PR2 Learns to Read, Can't Pronounce 'Robot' (UPDATE: Yes I Can, Says PR2)

UPenn's GRASP Lab has taught a PR2 to read, but they seem to have neglected to teach it to shut up

1 min read
PR2 Learns to Read, Can't Pronounce 'Robot' (UPDATE: Yes I Can, Says PR2)

UPDATE:Menglong Zhu, the UPenn researcher who taught the PR2 to read, contacted us to say that the robot, named Graspy, took issue with our headline. Graspy says it can indeed pronounce “robot,” and here's the audio to prove it.

Teaching a robot to read out in the wild is no easy task, thanks in large part to the propensity of graphic designers (along with us normal people) to use a bewildering number of different fonts and colors to better communicate creative vision, mood, or just general boredom with Helvetica.

The University of Pennsylvania's GRASP Lab has conquered these factors, along with such things as variable lighting and distance, and has gotten their PR2 (named "Graspy") to wander around, reading things non-stop in a monotone and perhaps slightly confused voice. This newfound literacy will be available for download for both PR2s and generalized ROS platforms, which means that you can give your robot a huge brain upgrade and vastly increase its interactive capabilities with just a few simple clicks.

Two questions remain unanswered, though: can it read Wingdings, and will it, on principle, read something written in Comic Sans?

[ GRASP Lab ]

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The Bionic-Hand Arms Race

The prosthetics industry is too focused on high-tech limbs that are complicated, costly, and often impractical

12 min read
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A photograph of a young woman with brown eyes and neck length hair dyed rose gold sits at a white table. In one hand she holds a carbon fiber robotic arm and hand. Her other arm ends near her elbow. Her short sleeve shirt has a pattern on it of illustrated hands.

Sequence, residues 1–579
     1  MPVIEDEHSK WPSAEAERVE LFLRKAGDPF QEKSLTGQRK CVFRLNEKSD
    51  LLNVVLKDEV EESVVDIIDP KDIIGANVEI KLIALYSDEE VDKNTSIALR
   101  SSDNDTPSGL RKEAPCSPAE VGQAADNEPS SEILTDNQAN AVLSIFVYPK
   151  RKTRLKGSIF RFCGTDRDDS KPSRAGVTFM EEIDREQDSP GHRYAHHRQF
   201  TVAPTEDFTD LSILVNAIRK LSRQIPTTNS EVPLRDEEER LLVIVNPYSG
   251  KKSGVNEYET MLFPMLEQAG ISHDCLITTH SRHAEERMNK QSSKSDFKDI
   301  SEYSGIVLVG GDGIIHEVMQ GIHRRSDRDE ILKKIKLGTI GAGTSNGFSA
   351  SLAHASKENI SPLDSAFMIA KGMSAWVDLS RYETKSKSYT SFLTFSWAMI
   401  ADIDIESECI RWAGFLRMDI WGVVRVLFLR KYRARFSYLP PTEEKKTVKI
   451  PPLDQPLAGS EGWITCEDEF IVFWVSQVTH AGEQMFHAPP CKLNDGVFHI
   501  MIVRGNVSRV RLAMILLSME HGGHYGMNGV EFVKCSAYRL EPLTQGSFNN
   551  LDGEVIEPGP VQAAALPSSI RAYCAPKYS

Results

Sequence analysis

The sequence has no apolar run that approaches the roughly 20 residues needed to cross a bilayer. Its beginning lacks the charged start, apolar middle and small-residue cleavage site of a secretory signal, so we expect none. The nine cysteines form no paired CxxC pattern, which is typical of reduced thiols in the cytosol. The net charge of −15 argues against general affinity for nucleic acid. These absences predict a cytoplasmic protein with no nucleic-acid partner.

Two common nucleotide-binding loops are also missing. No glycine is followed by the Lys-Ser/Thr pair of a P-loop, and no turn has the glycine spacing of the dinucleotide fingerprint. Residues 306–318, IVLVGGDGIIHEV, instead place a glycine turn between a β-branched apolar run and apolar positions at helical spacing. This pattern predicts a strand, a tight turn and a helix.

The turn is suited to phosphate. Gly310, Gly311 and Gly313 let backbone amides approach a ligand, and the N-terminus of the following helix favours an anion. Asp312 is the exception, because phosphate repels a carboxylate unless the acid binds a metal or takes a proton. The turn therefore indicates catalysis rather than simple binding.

The author, Britt Young, holding her Ottobock bebionic bionic arm.

Gabriela Hasbun. Makeup: Maria Nguyen for MAC cosmetics; Hair: Joan Laqui for Living Proof
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In Jules Verne’s 1865 novel From the Earth to the Moon, members of the fictitious Baltimore Gun Club, all disabled Civil War veterans, restlessly search for a new enemy to conquer. They had spent the war innovating new, deadlier weaponry. By the war’s end, with “not quite one arm between four persons, and exactly two legs between six,” these self-taught amputee-weaponsmiths decide to repurpose their skills toward a new projectile: a rocket ship.

The story of the Baltimore Gun Club propelling themselves to the moon is about the extraordinary masculine power of the veteran, who doesn’t simply “overcome” his disability; he derives power and ambition from it. Their “crutches, wooden legs, artificial arms, steel hooks, caoutchouc [rubber] jaws, silver craniums [and] platinum noses” don’t play leading roles in their personalities—they are merely tools on their bodies. These piecemeal men are unlikely crusaders of invention with an even more unlikely mission. And yet who better to design the next great leap in technology than men remade by technology themselves?

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